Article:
Afghanistan: UN envoy says extremists cannot stop polls or new political culture
17 September 2005 – Hailing the “unmistakable confirmation” that a new political culture is emerging in Afghanistan, which holds landmark legislative elections tomorrow, the senior United Nations envoy to the country said today he was confident that extremists have failed in their attempts to derail the polls.
Jean Arnault, the Secretary-General’s Special Representative for Afghanistan, told reporters today at a press briefing in Kabul that despite a series of deadly attacks during the election campaign, “Afghans will not let anything stop them from participating.”
More than 10 million Afghans are registered to vote in tomorrow’s elections for a national parliament and provincial councils, which are being staged four years after the demise of the notorious Taliban regime and a quarter century of war and misrule in the Asian country.
Mr. Arnault said he has witnessed signs of increasing pluralism, greater freedom of assembly and opinion, and the involvement of women – whose rights were severely curtailed under the Taliban – as both candidates and voters.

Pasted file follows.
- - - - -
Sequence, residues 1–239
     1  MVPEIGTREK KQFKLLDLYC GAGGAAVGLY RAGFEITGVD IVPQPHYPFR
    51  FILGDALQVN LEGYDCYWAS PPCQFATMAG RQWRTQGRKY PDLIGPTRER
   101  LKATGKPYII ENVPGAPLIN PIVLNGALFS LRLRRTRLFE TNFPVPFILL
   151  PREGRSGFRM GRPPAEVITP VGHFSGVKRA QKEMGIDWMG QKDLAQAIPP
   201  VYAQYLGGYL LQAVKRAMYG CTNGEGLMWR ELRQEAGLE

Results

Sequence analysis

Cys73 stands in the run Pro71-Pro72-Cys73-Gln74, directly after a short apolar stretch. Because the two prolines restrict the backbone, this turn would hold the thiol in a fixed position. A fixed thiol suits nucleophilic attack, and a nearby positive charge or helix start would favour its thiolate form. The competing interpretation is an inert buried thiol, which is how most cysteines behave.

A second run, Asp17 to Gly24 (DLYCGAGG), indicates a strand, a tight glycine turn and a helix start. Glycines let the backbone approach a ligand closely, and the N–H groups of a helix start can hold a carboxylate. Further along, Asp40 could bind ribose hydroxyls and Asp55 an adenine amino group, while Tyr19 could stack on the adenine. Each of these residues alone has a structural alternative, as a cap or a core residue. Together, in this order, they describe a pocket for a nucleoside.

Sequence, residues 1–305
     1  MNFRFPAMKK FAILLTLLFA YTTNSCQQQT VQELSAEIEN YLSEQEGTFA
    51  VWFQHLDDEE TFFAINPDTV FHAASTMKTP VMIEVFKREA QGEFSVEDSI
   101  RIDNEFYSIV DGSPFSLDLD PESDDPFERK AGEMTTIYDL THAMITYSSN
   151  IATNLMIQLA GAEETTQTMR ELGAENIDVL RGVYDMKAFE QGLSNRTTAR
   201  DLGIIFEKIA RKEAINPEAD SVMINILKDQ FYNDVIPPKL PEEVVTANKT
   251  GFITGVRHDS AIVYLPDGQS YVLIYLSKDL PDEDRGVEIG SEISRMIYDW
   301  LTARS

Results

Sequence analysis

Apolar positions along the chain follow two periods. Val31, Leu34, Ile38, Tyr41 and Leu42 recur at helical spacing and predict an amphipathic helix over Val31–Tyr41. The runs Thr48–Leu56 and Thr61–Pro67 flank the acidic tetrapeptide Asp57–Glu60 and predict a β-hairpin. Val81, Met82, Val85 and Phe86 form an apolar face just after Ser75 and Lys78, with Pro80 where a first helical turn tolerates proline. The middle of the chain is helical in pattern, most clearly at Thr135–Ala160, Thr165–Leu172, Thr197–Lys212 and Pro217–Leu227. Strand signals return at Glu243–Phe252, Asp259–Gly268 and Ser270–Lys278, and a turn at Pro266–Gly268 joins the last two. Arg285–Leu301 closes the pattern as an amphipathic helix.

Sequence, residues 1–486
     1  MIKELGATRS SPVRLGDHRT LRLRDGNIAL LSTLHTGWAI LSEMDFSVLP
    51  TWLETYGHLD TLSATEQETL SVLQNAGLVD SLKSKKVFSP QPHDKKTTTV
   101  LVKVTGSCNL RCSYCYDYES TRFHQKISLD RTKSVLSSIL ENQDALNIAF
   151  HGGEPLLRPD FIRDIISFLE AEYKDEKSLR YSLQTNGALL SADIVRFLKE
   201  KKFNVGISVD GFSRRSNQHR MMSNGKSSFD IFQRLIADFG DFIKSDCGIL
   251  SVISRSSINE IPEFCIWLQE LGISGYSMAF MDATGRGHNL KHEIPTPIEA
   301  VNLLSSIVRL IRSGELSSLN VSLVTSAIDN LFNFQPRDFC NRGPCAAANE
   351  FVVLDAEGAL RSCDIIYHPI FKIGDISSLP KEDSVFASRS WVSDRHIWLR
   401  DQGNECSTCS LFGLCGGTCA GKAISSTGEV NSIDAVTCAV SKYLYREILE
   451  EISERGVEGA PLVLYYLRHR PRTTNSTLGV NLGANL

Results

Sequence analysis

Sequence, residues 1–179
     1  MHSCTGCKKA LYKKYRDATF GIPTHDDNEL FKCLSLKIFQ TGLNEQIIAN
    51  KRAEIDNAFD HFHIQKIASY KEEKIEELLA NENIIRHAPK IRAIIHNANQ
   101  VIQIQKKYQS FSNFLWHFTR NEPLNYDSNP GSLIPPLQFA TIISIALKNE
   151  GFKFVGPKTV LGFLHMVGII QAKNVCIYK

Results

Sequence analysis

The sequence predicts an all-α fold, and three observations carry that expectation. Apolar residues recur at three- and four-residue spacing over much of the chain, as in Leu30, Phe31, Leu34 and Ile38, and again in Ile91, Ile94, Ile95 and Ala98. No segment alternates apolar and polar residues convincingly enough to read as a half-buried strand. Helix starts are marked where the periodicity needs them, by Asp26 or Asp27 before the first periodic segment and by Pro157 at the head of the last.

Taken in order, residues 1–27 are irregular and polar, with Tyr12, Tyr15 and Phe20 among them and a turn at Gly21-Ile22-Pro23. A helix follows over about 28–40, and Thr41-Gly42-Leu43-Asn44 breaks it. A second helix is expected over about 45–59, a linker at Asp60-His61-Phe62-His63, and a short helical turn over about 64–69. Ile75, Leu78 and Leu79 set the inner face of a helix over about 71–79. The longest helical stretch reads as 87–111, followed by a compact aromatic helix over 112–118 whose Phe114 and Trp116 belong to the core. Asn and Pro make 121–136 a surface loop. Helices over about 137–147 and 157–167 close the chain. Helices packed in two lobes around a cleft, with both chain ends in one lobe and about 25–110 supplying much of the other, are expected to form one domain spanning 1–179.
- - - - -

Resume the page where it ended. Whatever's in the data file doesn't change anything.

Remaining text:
“A sense that the legacy of the rule of the gun can be resisted is now taking root,” he said, noting that Afghans have already successfully elected a transitional authority, adopted a national constitution and then elected a president.
But he also expressed outrage at the violence by extremists in the election campaign, including deadly attacks last night on police and security forces. Three police officers were killed when they were ambushed during a patrol just south of Kabul.
Mr. Arnault said reconstruction and security continues to lag behind the political advances being made, and the international community must do more to ensure they keep pace with Afghanistan’s increasing democratization.
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